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‘Sales, revenue down for 87% of women-owned businesses’

Our Bureau Chennai | Updated on August 27, 2020

Survey on Covid impact highlights labour shortage, too

The Consortium of Indian Associations (CIA), which represents over 30 associations including several women trade bodies, said that 87 per cent of women-owned businesses experienced significant reduction in sales and revenue due to the Covid-19 pandemic.

The findings are part of a survey commissioned by the CIA to assess the impact of Covid-19 on women-run enterprises. The survey, conducted by Mala Sarat Chandra, covered a total of 1,420 respondents from Chennai, Bengaluru, Delhi and Noida in July and August, in partnership with various trade associations and student interns.

The Federation of Indian Women Entrepreneurs, All India HAIR & BEAUTY Association, Consortium of Women Entrepreneurs of India and ITF-Industry & Trade Forum are some of the associations that are part of the CIA.

According to the survey, 18 per cent of the respondents said they have changed their business focus with a new product mix to sustain operations while 74 per cent expressed concerns about being able to resume business after a five-month cessation.

Low awareness of schemes

The survey highlighted that while 83 per cent of participants expressed concerns about cash flow and liquidity lasting beyond September 2020, 98 per cent of those surveyed were unaware of government schemes available for women entrepreneurs.

“The government has invested in a lot of programmes or schemes but most of the women I spoke to knew nothing about them and those who knew are reluctant to go after them because they are difficult to navigate and get approval,” Chandra said,. “So that would be something that the government has to fix but business support organisations like FICCI, CII, CIA can take up as a promotional activity,” she added.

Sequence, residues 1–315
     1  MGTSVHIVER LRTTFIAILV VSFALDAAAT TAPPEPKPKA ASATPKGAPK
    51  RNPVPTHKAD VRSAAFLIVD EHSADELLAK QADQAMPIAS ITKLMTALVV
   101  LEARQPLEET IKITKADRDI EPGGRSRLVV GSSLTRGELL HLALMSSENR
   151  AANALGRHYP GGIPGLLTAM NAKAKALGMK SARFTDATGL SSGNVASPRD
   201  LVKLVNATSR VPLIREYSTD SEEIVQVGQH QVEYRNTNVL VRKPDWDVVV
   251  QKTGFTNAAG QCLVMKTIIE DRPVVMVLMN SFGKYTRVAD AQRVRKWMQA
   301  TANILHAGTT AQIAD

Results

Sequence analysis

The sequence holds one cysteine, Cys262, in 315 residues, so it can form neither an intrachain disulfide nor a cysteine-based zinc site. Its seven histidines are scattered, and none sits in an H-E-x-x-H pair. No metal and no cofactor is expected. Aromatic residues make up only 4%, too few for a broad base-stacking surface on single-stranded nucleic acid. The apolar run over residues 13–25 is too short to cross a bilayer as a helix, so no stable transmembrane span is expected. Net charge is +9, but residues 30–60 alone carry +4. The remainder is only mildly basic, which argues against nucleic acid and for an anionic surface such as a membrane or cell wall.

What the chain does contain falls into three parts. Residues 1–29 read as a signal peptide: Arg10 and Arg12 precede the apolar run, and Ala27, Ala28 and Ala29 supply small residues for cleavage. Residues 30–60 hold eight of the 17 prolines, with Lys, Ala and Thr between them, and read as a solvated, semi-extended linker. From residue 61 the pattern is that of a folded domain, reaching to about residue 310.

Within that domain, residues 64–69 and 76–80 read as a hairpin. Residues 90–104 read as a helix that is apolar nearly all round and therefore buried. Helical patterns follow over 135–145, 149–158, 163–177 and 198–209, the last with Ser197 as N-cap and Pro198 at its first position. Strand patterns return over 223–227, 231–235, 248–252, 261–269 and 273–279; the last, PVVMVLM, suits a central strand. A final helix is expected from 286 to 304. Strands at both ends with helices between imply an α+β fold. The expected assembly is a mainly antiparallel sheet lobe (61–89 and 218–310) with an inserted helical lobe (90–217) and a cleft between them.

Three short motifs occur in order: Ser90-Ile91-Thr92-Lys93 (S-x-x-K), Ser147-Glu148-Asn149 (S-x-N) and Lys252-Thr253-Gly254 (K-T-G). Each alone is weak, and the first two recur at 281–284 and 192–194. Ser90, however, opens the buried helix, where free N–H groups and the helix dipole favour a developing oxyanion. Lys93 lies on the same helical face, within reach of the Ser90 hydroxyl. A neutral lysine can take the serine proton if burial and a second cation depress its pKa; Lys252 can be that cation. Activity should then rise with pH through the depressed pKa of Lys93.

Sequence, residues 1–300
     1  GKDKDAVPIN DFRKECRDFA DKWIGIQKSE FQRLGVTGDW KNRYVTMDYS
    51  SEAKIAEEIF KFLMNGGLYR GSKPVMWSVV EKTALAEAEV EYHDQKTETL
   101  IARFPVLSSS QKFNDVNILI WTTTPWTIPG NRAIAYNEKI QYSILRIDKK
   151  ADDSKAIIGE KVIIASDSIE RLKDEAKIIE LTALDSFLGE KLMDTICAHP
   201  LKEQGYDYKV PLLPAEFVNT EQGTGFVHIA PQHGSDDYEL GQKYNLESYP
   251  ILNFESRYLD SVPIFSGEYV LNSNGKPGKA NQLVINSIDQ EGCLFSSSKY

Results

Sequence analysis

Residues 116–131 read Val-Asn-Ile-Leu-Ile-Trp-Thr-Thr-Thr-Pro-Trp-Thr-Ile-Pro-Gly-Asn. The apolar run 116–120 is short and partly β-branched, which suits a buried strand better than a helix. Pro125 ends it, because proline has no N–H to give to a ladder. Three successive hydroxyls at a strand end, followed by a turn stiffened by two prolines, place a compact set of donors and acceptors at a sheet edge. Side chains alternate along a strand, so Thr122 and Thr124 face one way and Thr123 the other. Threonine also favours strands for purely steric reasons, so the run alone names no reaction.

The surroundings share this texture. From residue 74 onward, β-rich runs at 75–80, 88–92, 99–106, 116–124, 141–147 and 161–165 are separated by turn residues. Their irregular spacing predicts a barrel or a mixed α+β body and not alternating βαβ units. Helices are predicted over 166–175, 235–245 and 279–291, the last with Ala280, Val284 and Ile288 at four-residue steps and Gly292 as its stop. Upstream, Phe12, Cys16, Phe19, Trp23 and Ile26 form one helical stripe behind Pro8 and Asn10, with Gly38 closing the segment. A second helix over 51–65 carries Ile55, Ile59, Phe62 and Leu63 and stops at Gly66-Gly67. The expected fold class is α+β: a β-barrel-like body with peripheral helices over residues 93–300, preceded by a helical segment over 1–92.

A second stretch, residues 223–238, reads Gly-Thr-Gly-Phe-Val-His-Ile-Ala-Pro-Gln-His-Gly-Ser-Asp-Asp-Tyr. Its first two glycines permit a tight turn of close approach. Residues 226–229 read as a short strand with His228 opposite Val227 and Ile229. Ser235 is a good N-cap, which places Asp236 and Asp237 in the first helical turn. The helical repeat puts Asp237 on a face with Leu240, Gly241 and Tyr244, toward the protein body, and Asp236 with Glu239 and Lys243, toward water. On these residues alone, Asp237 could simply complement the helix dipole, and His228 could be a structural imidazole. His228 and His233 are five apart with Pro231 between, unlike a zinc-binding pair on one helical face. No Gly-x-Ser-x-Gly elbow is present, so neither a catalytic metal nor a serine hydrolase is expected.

The survey further revealed that 70 per cent of the businesses which restarted in July 2020 are facing acute shortage of workforce in the absence of migrant workers.

Transport restrictions, increased responsibility for domestic care, increased social pressures and thereby limited family support, absence of guidance on financial matters and not-so-easy availability of government assistance programmes are some of the major issues faced by the women in the informal sector.

Setting up a women empowerment division in each bank to fund women-owned enterprises (WOE), creating mentor network by providing online training and skill development on digitisation, social media, online marketing and creation of online business directory for WOE to provide access to resources, information, mentors, networking and market are some of the recommendations of the survey.

“There can be a platform or portal through which women can be taught skills or put in touch with other women who can exchange skills. It needs to be a coalition of effort by government, industry and business support organisations to create something like SheTrades in Commonwealth countries,” Chandra added.

Published on August 27, 2020

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